tions are comparable to engineer VII, or individual research­
ers some of whose positions are comparable to engineer VII
and sometimes engineer VIII. As an individual researcher
and consultant may be assisted on individual projects by
other engineers or technicians.

Technical Support
also be reviewed in process. Performs, at this level, one or a
combination of such typical duties as:

E N G IN E E R IN G T E C H N IC IA N

To be covered by these definitions, employees must
meet all of the following criteria: (1) Provides semiprofes­
sional technical support for engineers working in such areas
as research, design, development, testing, or manufacturing
process improvement. (2) Work pertains to electrical, elec­
tronic, or mechanical components or equipment. (3) Re­
quired to have some knowledge of science or engineering.
{Excludes production or maintenance workers, quality con­
trol testers, craft workers, drafters, designers, and engi­
neers.)

Assembles or constructs simple or standard equip­
ment or parts. May service or repair simple instruments
or equipment;
Conducts a variety of standardized tests; may prepare
test specimens; sets up and operates standard test equip­
ment; records test data;
Extracts engineering data from various prescribed
sources; processes the data following well-defined meth­
ods; presents the data in prescribed form.
Engineering Technician III

Performs assignments that are not completely standard­
ized or prescribed. Selects or adapts standard procedures or
equipment. Receives initial instructions, equipment require­
ments, and advice from supervisor or engineer; technical
adequacy of completed work is checked. Performs, at this
level, one or a combination of such typical duties as:

Engineering Technician I

Performs simple routine tasks under close supervision or
from detailed procedures. Work is checked in process or on
completion. Performs, at this level, one or a combination of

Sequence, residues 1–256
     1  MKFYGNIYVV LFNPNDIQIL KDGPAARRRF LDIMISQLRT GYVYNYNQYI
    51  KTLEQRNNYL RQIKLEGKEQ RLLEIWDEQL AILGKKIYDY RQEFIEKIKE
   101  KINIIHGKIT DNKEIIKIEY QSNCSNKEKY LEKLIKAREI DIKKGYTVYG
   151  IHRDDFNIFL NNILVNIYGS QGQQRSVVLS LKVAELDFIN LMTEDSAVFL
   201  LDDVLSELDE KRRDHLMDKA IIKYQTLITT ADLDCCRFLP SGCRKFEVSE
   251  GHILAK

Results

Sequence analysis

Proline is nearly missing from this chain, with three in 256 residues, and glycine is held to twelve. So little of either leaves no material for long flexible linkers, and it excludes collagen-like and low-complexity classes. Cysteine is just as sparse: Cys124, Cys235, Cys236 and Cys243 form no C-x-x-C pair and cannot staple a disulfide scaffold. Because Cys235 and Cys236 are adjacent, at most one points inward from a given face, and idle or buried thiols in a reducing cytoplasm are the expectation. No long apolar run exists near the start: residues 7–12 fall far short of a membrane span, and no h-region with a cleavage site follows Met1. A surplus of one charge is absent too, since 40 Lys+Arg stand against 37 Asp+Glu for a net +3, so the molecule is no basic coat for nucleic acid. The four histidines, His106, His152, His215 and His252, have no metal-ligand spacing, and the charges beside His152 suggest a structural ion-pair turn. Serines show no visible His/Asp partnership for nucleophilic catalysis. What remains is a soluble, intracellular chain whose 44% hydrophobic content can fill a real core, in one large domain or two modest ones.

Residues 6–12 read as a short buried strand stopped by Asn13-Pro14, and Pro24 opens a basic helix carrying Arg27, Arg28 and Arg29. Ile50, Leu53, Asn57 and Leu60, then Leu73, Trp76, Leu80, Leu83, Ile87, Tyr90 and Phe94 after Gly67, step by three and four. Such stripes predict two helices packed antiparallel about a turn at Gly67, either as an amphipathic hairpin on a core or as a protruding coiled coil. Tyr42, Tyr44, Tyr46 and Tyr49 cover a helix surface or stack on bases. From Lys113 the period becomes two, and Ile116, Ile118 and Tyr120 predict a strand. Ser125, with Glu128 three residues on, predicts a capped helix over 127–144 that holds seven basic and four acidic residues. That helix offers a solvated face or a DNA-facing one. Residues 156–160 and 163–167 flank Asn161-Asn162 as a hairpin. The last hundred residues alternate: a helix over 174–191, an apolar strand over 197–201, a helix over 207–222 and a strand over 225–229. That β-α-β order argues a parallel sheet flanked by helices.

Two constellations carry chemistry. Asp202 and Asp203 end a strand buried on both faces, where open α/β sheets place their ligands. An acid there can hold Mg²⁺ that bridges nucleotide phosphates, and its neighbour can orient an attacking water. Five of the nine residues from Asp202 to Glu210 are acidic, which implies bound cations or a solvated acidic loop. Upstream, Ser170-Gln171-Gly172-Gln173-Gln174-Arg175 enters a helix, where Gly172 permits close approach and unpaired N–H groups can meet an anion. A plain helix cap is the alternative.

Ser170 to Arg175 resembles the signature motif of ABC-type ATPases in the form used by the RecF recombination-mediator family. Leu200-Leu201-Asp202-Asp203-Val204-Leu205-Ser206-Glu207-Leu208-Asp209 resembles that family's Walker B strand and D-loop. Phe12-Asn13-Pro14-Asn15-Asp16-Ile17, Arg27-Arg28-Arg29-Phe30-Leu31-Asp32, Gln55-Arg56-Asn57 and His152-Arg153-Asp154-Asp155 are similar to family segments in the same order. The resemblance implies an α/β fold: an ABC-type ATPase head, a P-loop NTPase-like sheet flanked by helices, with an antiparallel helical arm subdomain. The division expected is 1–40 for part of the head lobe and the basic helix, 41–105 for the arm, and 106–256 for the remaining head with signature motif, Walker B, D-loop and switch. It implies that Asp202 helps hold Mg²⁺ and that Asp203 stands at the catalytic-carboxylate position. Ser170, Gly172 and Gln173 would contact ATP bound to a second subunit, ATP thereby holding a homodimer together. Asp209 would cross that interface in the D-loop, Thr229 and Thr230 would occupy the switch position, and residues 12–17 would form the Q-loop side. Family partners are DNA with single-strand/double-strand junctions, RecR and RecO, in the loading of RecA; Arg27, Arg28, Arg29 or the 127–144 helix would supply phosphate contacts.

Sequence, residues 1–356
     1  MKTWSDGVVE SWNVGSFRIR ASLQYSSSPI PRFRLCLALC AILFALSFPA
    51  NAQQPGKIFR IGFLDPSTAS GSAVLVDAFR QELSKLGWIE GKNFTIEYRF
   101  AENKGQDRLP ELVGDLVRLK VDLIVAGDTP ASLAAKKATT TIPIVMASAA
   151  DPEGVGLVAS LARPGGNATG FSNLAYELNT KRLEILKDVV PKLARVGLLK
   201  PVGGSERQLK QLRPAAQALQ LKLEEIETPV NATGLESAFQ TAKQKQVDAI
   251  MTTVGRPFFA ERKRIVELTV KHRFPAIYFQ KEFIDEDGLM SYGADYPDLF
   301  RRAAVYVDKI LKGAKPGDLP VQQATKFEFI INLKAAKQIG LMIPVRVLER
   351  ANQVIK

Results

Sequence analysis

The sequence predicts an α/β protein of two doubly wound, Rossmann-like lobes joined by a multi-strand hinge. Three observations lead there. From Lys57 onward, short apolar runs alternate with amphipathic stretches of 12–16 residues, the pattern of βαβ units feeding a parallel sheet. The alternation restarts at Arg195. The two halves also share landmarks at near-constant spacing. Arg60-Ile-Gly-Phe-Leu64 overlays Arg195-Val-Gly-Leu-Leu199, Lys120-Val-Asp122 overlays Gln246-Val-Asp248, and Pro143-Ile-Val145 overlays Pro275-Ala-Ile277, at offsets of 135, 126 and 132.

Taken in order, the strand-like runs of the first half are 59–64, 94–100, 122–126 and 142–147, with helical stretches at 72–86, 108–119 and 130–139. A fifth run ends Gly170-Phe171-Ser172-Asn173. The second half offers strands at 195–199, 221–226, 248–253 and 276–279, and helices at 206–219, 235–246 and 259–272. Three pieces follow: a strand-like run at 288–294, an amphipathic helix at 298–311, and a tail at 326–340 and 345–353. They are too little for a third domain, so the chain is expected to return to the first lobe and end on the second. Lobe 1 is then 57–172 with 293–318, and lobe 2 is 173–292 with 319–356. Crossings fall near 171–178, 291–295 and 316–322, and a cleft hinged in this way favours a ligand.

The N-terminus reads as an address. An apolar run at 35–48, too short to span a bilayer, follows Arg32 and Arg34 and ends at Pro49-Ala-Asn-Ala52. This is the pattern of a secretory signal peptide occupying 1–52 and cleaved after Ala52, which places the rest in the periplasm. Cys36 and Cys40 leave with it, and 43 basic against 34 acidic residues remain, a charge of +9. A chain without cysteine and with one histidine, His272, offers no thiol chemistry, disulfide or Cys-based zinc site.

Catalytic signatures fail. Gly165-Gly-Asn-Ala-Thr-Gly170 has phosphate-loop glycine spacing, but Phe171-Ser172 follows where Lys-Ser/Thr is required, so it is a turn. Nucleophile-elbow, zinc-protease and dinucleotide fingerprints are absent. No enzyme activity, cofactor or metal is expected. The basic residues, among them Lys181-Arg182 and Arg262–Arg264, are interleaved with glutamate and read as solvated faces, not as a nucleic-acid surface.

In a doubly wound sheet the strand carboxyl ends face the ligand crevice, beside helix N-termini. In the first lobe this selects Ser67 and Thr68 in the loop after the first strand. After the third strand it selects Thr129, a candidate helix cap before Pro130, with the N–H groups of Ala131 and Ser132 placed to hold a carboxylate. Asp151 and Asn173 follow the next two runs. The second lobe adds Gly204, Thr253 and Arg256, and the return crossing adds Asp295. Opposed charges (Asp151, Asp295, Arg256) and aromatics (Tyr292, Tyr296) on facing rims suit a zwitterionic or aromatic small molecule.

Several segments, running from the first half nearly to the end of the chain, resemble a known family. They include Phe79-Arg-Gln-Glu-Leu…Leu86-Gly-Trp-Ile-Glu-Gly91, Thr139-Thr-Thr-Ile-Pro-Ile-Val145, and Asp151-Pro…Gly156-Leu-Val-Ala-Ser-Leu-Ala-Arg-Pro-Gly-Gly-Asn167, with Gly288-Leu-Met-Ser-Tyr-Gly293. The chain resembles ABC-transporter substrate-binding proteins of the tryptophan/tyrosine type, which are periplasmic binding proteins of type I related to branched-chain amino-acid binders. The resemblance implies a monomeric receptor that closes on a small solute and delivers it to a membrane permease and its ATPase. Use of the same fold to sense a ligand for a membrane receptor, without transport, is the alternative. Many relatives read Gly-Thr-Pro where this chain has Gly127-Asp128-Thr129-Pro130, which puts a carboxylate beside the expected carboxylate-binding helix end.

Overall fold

such typical duties as:
Assembles or installs equipment or parts requiring
simple wiring, soldering, or connecting;
Performs simple or routine tasks or tests such as ten­
sile or hardness tests; operates and adjusts simple test
equipment; records test data;
Gathers and maintains specified records of engineer­
ing data such as tests, drawings, etc.; performs computa­
tions by substituting numbers in specified formulas;
plots data and draws simple curves and graphs.

Constructs components, subunits, or simple models
or adapts standard equipment. May troubleshoot and
correct malfunctions;
Conducts various tests or experiments which may re­
quire minor modifications in test setups or procedures;
selects, sets up, and operates standard test equipment
and records test data;
Extracts and compiles a variety of engineering data;
processes or computes data using specified formulas and
procedures. Performs routine analysis to check applica­
bility, accuracy, and reasonableness of data.

Engineering Technician II

Performs standardized or prescribed assignments involv­
ing a sequence of related operations. Follows standard work
methods or explicit instructions; technical adequacy of rou­
tine work is reviewed on completion; nonroutine work may




Engineering Technician IV

Performs nonroutine assignments of substantial variety
and complexity. Receives objectives and technical advice
59

from supervisor or engineer; work is reviewed for technical